Anyway. I prevent my hand planes rusting with these two products. Good luck.

Camphor tablets. Rust prevention.
Get a small plastic container, like a film roll tube, drill some small holes in it to let the camphor fumes out, place it inside the toolbox and the camphor fumes form a molecular film on metal surfaces that retards rust. I personally like the smell!


I always find Ballistol Universal oil good for many things, rust, leather, wood, workshop cuts!...read the story very interesting. Can also be diluted with water, so you can immerse and get everything then as the water evaporates the oil is left on the metal protecting it (think gun barrels etc), which is handy to oil parts you can not quite get into.


"Around the turn of the 20th century the imperial army was in need of a universal oil, which was not only suitable for maintaining the metal parts of guns but also for the upkeep and preservation of wooden stocks and leather gear. Simultaneously, it had to serve the soldiers as a wound oil for minor injuries, lacerations and bruises".

Now if you can leave guns for 25 years, it gives hope for a hand plane....

Things are different with BALLISTOL. BALLISTOL belongs to the group of alkaline oils, which, due to their chemical structure, do not tend to resinify anyway. If you spray BALLISTOL for example on a metal surface or on complicated fine-mechanical parts, then the natural solvents contained in BALLISTOL will vaporise in the course of time. What remains is a white, Vaseline like coat, which is both protection against corrosion and lubricant for moveable parts.
A long-term experiment proves this. We had a sworn authority on weapons and explosives store several rifles for us after the Second World War. The rifles were all well-preserved with BALLISTOL and wrapped in wax-coated paper.
After twenty-five-years - so to say on the occasion of the silver jubilee - the sworn expert opened the wrappings for the first time. All rifles were free from any signs of corrosion, which was not surprising to us. After pulling through a dry tow, there were some trial shots. The rifle was fully intact although even the lock was wetted profoundly with BALLISTOL for storage. The protective white coating looked immaculate, no signs of resinification whatever.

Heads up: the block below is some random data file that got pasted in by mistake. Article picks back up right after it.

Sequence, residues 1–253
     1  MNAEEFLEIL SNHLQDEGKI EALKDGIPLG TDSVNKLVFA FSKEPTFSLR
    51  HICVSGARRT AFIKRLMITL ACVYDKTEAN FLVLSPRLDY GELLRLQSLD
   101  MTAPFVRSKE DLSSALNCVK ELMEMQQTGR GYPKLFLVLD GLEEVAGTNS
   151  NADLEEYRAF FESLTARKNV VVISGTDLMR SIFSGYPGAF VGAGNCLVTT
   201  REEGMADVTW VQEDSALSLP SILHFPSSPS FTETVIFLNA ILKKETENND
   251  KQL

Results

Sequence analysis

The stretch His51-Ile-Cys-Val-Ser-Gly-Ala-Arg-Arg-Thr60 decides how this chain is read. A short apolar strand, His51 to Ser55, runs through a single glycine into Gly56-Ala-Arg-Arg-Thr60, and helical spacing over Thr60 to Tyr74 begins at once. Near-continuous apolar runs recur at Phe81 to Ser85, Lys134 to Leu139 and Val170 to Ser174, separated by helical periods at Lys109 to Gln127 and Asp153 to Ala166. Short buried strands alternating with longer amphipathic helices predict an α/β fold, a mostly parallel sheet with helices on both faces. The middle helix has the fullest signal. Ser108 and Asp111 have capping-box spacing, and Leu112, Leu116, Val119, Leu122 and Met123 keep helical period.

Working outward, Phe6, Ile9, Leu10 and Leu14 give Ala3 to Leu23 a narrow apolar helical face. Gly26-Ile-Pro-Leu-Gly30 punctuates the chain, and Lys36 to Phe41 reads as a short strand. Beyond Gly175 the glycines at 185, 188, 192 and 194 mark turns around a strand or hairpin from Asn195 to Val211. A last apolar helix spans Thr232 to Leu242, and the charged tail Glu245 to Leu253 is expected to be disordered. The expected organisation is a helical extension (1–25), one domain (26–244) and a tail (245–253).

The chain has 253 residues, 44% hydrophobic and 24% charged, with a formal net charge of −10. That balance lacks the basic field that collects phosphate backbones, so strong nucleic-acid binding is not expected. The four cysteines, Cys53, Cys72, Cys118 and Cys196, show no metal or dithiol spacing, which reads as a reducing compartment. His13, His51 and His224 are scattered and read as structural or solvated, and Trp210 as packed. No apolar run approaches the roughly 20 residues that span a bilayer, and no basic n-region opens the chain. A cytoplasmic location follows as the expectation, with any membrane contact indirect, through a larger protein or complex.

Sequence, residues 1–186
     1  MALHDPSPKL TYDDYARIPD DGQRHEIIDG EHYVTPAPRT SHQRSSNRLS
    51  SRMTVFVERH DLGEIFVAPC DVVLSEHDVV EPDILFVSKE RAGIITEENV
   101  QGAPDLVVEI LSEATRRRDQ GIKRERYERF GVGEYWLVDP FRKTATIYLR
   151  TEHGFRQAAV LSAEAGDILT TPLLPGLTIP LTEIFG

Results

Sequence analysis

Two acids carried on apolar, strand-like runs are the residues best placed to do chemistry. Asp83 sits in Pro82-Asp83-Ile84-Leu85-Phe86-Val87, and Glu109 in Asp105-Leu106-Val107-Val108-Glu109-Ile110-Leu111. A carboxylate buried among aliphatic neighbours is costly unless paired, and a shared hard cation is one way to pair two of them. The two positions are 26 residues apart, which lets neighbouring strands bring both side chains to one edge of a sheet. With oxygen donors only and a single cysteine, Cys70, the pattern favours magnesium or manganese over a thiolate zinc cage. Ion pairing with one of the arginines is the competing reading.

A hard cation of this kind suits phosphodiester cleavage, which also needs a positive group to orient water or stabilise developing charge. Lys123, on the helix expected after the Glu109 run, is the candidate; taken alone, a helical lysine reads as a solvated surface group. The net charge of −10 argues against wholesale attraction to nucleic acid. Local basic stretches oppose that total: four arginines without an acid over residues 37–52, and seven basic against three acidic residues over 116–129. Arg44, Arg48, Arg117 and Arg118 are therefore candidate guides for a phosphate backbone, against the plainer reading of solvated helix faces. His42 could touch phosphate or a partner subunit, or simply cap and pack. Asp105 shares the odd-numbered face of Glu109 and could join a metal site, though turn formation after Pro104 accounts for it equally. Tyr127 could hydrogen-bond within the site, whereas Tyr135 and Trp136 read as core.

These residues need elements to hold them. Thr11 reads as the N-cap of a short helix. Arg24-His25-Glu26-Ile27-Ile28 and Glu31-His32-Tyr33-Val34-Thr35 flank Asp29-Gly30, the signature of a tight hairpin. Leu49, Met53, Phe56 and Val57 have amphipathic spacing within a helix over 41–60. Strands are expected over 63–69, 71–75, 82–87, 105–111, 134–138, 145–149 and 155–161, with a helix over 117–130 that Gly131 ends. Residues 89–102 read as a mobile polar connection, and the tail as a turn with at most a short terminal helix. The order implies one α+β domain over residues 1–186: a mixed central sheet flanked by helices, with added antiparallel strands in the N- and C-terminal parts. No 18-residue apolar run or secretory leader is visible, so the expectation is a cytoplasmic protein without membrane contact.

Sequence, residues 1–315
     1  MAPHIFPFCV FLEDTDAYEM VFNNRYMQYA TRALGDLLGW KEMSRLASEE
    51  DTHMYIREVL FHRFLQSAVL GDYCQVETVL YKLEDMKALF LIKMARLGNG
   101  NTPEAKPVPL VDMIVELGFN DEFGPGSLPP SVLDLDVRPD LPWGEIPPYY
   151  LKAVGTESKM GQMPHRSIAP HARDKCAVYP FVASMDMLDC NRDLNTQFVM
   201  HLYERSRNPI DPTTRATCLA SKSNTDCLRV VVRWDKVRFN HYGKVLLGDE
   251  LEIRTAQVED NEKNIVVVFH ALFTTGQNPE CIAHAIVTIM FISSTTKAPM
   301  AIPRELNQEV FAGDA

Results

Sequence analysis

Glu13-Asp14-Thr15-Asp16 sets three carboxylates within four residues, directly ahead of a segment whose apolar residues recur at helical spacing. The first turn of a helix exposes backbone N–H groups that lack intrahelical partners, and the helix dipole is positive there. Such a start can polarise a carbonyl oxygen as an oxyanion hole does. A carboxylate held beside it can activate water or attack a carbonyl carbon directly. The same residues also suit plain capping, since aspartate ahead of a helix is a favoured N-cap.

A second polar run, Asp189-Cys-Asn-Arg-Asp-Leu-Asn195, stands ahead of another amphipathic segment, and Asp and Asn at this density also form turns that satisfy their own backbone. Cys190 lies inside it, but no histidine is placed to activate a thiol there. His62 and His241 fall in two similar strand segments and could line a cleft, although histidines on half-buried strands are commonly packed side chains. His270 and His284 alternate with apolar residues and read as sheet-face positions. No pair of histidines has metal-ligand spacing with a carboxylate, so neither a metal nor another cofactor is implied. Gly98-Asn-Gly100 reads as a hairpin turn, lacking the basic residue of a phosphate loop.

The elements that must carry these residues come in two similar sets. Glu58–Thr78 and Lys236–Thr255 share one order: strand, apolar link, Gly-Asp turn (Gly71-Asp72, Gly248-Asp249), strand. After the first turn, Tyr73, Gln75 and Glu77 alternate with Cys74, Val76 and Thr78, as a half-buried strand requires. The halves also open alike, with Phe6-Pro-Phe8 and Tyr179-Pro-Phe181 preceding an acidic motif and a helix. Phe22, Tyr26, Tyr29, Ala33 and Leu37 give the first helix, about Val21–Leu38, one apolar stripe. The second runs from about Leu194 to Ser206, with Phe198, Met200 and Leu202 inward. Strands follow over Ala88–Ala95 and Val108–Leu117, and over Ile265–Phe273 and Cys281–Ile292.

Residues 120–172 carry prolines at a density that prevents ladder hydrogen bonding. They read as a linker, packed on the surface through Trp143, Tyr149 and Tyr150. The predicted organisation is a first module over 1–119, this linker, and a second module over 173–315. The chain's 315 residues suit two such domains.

Torx

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PS88 lubricant is supposed to be very good, it’s a bit pricy though
 

Awac

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This is why I love the Ballistol for price as well. Dictum in Germany are a great company, never had any problems with orders, great catalogue as well.

500ml 12.50 Euro but postage is a flat 10 euro. So ok if you are buying more than this, lasts ages.
 

D_W

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Shellac, paste wax (or bees/mineral mix), mineral oil.

The more permanent fixes (a very thin coat of clear shellac, by the way) needed due to lack of use the further to the left on that list.

Most of us don't have tools that matter enough to worry about what kind of wax we're using. The virtue of a very thin shellac layer on non-bearing surfaces is if you ever want to get it off, it can pretty much be wiped off with alcohol. If it's not wiped off, it's decades of protection.

Also a fairly good idea to sell tools that rust enough that you spend any significant percentage of their care+use time equation on care.
 

thetyreman

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I use the 1/3 meths 1/3 turps 1/3 linseed mix for wooden planes with wire wool, followed by alphie shine, I like renaissance wax for coating metal planes.
 

weekend_woodworker

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I am fortunate that my planes don’t seem to rust in the garage, but my Record No7 was squeaking a bit when using it today. My wife had just given me a tin of bees wax polish that she had made as she is the beekeeper in the family. I put a bit on the sole of the plane and it was like a different tool it slid a long the wood with virtually no effort. I am sure other people with more experience know about this already but it was a revelation for me.